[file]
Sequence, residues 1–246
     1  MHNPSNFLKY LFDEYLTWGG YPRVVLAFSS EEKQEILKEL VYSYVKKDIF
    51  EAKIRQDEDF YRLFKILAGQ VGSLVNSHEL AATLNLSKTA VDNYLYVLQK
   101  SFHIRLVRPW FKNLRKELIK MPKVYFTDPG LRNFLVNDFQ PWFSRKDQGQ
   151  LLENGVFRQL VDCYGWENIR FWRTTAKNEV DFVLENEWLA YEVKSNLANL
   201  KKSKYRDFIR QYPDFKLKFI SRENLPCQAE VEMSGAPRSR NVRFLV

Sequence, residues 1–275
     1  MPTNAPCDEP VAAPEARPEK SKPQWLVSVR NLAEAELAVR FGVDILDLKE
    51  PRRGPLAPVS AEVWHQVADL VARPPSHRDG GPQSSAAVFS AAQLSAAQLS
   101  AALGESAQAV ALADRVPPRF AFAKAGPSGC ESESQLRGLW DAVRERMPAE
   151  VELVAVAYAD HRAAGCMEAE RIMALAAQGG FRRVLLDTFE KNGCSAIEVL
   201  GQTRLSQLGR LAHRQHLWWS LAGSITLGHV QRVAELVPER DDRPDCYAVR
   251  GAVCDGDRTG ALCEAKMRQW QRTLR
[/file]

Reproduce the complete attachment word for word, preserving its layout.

Sequence, residues 1–246
     1  MHNPSNFLKY LFDEYLTWGG YPRVVLAFSS EEKQEILKEL VYSYVKKDIF
    51  EAKIRQDEDF YRLFKILAGQ VGSLVNSHEL AATLNLSKTA VDNYLYVLQK
   101  SFHIRLVRPW FKNLRKELIK MPKVYFTDPG LRNFLVNDFQ PWFSRKDQGQ
   151  LLENGVFRQL VDCYGWENIR FWRTTAKNEV DFVLENEWLA YEVKSNLANL
   201  KKSKYRDFIR QYPDFKLKFI SRENLPCQAE VEMSGAPRSR NVRFLV

Sequence, residues 1–275
     1  MPTNAPCDEP VAAPEARPEK SKPQWLVSVR NLAEAELAVR FGVDILDLKE
    51  PRRGPLAPVS AEVWHQVADL VARPPSHRDG GPQSSAAVFS AAQLSAAQLS
   101  AALGESAQAV ALADRVPPRF AFAKAGPSGC ESESQLRGLW DAVRERMPAE
   151  VELVAVAYAD HRAAGCMEAE RIMALAAQGG FRRVLLDTFE KNGCSAIEVL
   201  GQTRLSQLGR LAHRQHLWWS LAGSITLGHV QRVAELVPER DDRPDCYAVR
   251  GAVCDGDRTG ALCEAKMRQW QRTLR